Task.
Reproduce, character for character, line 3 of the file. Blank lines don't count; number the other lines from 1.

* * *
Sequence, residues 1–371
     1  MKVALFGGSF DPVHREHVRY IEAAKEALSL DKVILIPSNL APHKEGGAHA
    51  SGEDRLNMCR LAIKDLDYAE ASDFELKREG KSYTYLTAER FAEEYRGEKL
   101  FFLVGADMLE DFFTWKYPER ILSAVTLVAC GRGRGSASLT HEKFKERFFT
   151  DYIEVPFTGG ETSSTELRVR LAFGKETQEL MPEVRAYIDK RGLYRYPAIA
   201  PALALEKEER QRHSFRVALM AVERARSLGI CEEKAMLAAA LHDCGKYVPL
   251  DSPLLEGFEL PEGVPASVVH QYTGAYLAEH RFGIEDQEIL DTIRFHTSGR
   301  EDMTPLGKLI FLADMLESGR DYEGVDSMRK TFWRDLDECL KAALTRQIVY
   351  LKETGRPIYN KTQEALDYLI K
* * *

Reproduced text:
    51  SGEDRLNMCR LAIKDLDYAE ASDFELKREG KSYTYLTAER FAEEYRGEKL